Supportive Home Environments as a Mediator Between Sensory Impairment and Disability
Innovation in aging
Home environments are important to older adults and can help to preserve independence in every day functioning when they are supportive. Nevertheless, over time, the quality of "fit" between individuals and their homes can decrease because of age-related physical changes. A significant proportion of older Americans experience sensory impairments that impact their capacity to perform daily living activities necessary to remain independent at home. Home environments designed to support access and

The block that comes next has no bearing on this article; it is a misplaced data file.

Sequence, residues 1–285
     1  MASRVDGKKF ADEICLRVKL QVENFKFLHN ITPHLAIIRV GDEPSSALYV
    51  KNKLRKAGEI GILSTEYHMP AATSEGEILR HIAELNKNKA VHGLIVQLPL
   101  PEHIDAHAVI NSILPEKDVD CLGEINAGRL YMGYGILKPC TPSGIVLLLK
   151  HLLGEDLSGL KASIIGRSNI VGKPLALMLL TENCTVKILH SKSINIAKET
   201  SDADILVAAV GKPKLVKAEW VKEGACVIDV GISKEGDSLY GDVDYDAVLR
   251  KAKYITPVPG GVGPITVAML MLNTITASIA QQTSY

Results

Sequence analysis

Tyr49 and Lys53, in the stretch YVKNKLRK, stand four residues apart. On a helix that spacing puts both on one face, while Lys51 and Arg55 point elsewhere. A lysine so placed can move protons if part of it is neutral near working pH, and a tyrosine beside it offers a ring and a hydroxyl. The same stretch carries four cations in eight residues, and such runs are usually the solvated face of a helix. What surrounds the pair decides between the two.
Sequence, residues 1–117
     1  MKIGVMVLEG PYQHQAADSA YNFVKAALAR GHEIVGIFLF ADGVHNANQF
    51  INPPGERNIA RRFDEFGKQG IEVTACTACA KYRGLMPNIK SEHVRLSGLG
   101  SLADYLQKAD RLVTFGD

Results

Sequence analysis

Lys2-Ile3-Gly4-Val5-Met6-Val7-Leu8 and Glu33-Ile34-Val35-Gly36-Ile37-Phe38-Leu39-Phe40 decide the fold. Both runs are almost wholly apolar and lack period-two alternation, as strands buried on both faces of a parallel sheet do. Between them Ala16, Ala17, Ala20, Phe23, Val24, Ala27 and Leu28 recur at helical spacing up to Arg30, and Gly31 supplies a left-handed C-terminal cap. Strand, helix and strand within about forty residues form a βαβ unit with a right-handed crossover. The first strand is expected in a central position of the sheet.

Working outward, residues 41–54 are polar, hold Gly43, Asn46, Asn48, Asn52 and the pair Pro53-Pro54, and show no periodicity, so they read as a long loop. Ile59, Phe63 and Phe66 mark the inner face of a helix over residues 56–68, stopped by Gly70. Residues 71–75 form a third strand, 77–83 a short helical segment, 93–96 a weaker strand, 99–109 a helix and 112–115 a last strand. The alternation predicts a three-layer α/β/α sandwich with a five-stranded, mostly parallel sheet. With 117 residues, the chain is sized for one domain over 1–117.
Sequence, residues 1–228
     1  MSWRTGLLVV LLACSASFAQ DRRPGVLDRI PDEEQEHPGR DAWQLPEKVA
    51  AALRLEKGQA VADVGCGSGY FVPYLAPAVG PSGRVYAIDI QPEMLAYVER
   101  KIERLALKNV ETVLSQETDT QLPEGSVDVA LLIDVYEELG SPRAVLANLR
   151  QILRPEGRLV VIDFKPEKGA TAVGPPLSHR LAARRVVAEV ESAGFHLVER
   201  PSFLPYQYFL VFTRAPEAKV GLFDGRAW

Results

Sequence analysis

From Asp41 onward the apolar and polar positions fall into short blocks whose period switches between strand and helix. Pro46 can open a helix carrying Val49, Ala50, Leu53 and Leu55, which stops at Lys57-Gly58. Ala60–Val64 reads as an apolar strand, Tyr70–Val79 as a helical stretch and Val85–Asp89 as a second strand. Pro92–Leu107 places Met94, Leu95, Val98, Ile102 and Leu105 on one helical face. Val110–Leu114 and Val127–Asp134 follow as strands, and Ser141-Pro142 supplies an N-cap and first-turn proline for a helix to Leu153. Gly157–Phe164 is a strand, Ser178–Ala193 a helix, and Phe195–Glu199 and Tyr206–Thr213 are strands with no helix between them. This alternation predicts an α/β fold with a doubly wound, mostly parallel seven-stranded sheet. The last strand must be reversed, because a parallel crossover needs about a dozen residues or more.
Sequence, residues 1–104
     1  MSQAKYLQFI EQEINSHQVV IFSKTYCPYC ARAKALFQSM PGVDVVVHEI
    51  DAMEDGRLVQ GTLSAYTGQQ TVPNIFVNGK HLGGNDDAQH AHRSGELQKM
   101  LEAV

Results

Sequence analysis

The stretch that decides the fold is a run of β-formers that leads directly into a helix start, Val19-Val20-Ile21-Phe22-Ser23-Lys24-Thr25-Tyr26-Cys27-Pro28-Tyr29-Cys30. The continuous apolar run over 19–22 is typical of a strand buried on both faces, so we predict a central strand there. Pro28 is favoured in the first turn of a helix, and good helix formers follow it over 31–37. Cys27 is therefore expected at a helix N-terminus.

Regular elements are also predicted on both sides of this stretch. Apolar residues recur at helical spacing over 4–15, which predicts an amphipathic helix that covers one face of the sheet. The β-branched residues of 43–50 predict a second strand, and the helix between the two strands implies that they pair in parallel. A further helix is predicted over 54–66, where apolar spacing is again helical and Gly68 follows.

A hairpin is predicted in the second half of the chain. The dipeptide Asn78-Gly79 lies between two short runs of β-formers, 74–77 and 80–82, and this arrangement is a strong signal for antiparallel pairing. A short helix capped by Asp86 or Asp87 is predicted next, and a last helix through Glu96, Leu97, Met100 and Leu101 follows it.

... support access and safety have potential to ameliorate disability associated with declines in sensory status. Data from the National Health and Aging Trends Study (NHATS) were analyzed to assess the role of supportive home environments in mediating the relationship between self-reported measures of vision impairment, hearing impairment, and dual vision-hearing impairment and related ADL/IADL outcomes in community-dwelling older adults. Guided by the International Classification of Functioning, Disability and Health (ICF), regression models included covariates for sociodemographics, chronic conditions, mobility functioning, and participation. Supportive home environments were operationalized using indicators of whether participants had access to homes from the outside without having to use stairs; presence of a bedroom, kitchen, and full bathroom with a shower or tub on the same floor; and whether bathroom fixtures had been modified with features such as grab bars. Results suggest a statistical relationship between sensory function and disability that is explained in part by the lack of supportive home features. Implications are that older adults with sensory impairments can benefit greatly by improving environments in areas of the home that are known to cause difficulty.